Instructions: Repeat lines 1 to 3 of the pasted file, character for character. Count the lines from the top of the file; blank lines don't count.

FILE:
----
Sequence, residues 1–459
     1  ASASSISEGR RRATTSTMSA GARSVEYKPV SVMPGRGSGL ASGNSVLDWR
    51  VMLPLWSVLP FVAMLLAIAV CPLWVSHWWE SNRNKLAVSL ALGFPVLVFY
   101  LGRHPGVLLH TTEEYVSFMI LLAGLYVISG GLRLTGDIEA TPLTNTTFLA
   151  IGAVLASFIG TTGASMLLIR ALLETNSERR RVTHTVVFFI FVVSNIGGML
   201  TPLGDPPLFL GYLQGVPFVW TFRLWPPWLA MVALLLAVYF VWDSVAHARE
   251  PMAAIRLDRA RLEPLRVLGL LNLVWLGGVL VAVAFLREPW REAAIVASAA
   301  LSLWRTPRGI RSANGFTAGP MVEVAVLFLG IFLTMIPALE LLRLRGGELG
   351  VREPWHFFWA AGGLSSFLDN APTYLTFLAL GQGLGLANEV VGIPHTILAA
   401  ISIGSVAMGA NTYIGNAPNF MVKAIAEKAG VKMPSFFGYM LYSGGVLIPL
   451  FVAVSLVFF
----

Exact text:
Sequence, residues 1–459
     1  ASASSISEGR RRATTSTMSA GARSVEYKPV SVMPGRGSGL ASGNSVLDWR
    51  VMLPLWSVLP FVAMLLAIAV CPLWVSHWWE SNRNKLAVSL ALGFPVLVFY